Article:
He slid his arm around Randy to steady him and didn’t let go when the doors parted. Garrett pulled Randy toward his suite, throwing the door open. Once inside he slammed the door shut, spun Randy around, and trapped him against the back of the door. He slammed his mouth over Randy’s, picking up where he left off in the elevator until Randy was gasping for air.

“Let me be very clear,” Garrett panted into his mouth. “I want you in my bed. I want you desperate, wild, and begging.”

“I’m to the desperate phase now.” Randy trembled, trapped between him and the door. “Wild is right around the corner, and begging isn’t far behind.”

Garrett’s thumb traced over Randy’s swollen bottom lip. “That’s what I like about you, Randy, you speak your mind and don’t play games. I can’t tell you what a turn on that is for me.”

“I don’t have the first clue how to play games like you’re talking about, nor do I want to.”

“And thank God for it.” That jaded little devil on Garrett’s shoulder rolled his eyes. This guy either was very good, or very innocent. “Now, let me show you my bedroom. I can’t wait much longer to have you in my bed.”

Garrett ushered him through the living area, not giving him time to admire the softly lit main area. He opened a door to a large room that held a beautifully made bed with a sinfully black silk bedspread. The room was done in dark woods and masculine tones with paintings and photography from some extremely well-known artists. It shrieked authority, money, and power. The curtains were open, letting in the light from the city.
Garrett stepped behind Randy and turned him toward the mirrored closet. Garrett unbuttoned his shirt, parted the fabric, and placed his hands on Randy’s stomach. Taking his time, he ran his hands up Randy’s chest, dragging the pleasure out until he reached those perky nipples that begged for attention. Garrett flicked both hard peaks, making Randy arch in his arms. Then he rolled them between his thumb and forefinger as they both watched their reflection.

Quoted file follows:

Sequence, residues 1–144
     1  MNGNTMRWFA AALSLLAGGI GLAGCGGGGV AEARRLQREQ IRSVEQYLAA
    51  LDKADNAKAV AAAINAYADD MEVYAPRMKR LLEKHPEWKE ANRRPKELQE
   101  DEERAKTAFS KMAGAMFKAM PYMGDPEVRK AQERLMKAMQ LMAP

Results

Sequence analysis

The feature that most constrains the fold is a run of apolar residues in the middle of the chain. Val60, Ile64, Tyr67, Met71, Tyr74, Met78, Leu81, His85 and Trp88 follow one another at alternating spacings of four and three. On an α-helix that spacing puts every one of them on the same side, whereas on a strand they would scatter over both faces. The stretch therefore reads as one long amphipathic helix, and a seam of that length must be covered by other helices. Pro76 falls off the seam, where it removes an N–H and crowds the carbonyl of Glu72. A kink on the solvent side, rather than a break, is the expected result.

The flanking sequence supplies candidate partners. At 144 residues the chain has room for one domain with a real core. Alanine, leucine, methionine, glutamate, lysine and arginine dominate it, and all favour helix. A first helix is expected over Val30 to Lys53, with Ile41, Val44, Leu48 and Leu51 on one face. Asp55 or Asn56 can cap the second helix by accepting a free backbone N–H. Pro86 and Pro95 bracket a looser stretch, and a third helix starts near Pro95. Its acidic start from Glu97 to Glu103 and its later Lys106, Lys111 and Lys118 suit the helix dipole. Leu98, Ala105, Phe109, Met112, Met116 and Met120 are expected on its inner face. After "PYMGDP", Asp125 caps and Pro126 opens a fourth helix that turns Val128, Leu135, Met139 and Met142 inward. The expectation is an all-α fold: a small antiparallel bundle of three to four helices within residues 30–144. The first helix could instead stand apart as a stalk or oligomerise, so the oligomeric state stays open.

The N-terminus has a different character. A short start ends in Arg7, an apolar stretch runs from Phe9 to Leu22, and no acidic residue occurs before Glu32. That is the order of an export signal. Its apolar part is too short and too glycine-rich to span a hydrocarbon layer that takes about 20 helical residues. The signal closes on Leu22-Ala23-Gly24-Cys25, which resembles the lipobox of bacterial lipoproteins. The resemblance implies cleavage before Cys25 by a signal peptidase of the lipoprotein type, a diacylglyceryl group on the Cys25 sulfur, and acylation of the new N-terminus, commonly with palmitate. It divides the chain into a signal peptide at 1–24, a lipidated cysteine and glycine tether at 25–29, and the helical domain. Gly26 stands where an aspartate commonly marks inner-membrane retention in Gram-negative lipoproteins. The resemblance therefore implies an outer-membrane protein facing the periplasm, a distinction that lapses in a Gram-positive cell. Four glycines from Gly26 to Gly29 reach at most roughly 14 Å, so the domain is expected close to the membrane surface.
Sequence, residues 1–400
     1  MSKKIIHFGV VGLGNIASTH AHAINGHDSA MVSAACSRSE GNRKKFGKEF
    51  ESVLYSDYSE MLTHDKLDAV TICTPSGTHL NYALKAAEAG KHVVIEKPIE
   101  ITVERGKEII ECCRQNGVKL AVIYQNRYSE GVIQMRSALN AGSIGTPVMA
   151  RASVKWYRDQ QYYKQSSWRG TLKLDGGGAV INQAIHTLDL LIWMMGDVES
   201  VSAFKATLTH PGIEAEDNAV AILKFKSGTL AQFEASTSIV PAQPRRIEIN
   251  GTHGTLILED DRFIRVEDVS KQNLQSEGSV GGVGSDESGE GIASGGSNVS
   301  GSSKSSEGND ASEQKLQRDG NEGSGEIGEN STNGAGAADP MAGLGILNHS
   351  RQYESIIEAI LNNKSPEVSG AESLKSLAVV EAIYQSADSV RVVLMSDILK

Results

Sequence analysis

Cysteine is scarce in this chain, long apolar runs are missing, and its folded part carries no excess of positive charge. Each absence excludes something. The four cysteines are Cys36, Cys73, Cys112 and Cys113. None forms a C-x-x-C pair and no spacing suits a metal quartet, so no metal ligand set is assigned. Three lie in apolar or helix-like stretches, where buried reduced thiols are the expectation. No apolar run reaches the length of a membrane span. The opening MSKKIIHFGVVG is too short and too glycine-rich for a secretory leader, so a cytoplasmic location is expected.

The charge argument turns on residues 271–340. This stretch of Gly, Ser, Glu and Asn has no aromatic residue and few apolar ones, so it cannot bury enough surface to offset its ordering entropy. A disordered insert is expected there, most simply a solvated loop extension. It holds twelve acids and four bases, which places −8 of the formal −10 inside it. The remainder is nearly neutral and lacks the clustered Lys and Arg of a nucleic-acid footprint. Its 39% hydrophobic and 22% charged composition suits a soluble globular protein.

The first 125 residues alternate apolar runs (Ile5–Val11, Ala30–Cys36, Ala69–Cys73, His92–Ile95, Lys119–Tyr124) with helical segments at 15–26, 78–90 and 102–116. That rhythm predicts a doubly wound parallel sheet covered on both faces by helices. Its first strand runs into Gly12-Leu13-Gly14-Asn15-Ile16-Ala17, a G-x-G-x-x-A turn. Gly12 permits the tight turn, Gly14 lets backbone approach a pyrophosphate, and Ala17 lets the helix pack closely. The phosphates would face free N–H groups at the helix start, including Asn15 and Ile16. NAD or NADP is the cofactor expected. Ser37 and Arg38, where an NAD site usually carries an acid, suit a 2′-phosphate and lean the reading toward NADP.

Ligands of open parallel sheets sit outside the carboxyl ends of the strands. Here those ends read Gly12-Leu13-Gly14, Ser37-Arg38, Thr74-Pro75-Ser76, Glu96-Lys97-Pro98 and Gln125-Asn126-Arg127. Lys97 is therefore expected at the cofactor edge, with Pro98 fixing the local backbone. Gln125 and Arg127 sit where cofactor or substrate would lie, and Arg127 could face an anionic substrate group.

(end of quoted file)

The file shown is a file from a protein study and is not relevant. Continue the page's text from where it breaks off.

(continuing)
“So very hot,” Garrett whispered in Randy’s ear as his fingers teased the nubs until Randy moaned.
Randy reached behind him and wrapped his arm around Garrett’s neck, dragging him closer. That bulge that pressed against Randy’s ass was huge and had his imagination sitting up, tail thumping. It had been a long time since a lover affected him this way. Randy leaned his head back against Garrett’s shoulder and watched, heavy-eyed, as Garrett’s hands drifted down and undid his belt.

Find Priceless here at Dreamspinner Press:

M.A. Church
M.A. Church lives in the southern United States and spent many years in the elementary education sector. She is married to her high school sweetheart and they have two children. Her hobbies are gardening, walking, attending flea markets, watching professional football, racing, and spending time with her family on the lake.

But her most beloved hobby is reading. From an early age, she can remember hunting for books at the library. Later nonhuman and science fiction genres captured her attention and drew her into the worlds the authors had created. But always at the back of her mind was the thought that one day, when the kids were older and she had more time, she would write a book.

By sheer chance she stumbled across a gay male romance story on the web and was hooked. A new world opened up and she fell in love. Thus the journey started. When not writing or researching, she enjoys reading the latest erotic and mainstream romance novels.

Twitter @nomoretears00